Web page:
Sen. Chris Van Hollen, D-Md., said that in conference committee he will push for a bigger pay raise and language to block USDA relocations.

Sen. Chris Van Hollen, D-Md., said that in conference committee he will push for a bigger pay raise and language to block USDA relocations. Pablo Martinez Monsivais/AP

Senate Panel Advances Spending Bills Blocking OPM-GSA Merger, Allowing USDA Relocations

Democrats say that in conference committee they will endorse House-passed provisions blocking the relocation of science agencies to Kansas City and authorizing an average 3.1% pay raise for federal employees.

A Senate panel on Thursday advanced to the floor for final consideration spending bills that effectively endorse President Trump’s proposed 2.6% across-the-board pay increase for federal civilian employees next year and block a plan to merge the Office of Personnel Management and General Services Administration.

The Senate Appropriations Committee advanced by voice vote fiscal 2020 appropriations bills for Financial Services and General Government, and for Agriculture, Rural Development, Food and Drug Administration and Related Agencies.

The Financial Services and General Government package includes a $43 million increase in funding for OPM and effectively blocks the controversial proposal to send most of the personnel agency's operations to GSA and vest all of OPM's rulemaking authority in a non-Senate confirmed political appointee position within the Executive Office of the President. The financial services appropriations bill also remains silent on federal compensation, effectively endorsing Trump’s alternative pay plan, which calls for a 2.6% increase in base pay and no increase to locality pay.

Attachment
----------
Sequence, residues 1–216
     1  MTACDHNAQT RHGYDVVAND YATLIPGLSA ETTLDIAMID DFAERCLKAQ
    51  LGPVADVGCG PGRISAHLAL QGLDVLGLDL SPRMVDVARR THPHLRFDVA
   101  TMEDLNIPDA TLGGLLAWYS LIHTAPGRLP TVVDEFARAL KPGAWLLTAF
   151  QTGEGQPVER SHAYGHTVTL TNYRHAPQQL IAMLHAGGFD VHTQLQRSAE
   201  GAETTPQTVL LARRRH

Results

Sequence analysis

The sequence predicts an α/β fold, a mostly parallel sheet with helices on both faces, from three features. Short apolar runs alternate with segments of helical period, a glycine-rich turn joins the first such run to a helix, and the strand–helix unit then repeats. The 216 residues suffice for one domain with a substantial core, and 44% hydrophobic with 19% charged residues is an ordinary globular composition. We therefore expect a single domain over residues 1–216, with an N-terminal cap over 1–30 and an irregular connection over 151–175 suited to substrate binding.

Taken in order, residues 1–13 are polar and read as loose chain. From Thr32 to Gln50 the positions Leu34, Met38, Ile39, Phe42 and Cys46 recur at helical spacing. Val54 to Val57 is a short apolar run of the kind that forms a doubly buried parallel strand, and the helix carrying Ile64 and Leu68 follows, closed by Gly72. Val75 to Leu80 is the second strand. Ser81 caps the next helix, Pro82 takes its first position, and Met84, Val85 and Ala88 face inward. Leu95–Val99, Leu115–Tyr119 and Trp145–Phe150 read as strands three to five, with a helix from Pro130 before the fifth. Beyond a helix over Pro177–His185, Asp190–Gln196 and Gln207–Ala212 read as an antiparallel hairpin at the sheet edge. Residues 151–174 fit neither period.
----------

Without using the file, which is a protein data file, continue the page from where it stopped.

Sen. Chris Van Hollen, D-Md., said he will continue to push lawmakers to adopt additional provisions affecting federal workers that were included in the House’s version of the bill, like an extra 0.5% average increase in locality pay and a measure that would block agencies from implementing new union contracts that were developed without union input or mandated by the Federal Service Impasses Panel.

“Our hardworking civil servants are the backbone of the federal government and serve the American people every day—refusing to pay them what they deserve is shameful,” Van Hollen said. “I worked to stop President Trump’s earlier call for a pay freeze, which he is no longer threatening, and I will strongly support the House’s 3.1% pay raise in conference. I am also pleased that the legislation funds the Office of Personnel Management as its own entity, not as part of the General Services Administration. This legislation rejects that misguided idea, and I will continue to fight it.”

The agriculture appropriations bill similarly lacks a House-passed provision that would block the Agriculture Department from using fiscal 2020 funds to relocate the Economic Research Service and National Institute of Food and Agriculture to Kansas City. That move has been criticized in recent weeks because both agencies will lose a majority of their existing workforce, and because White House Chief of Staff Mick Mulvaney suggested the goal of the decision was to encourage employees to quit.

Sen. Jeff Merkley, D-Ore., said he would support the House’s version of the bill as negotiations between the chambers continue.

“These agencies do vital work and are strengthened by their proximity to other key agencies in D.C.,” he said. “A move away will result in a loss of critical staff, jeopardizing the effectiveness of their work. This is an issue I’m sure will be taken up in conference [committee].”

Both bills now go to the floor for consideration by the full Senate.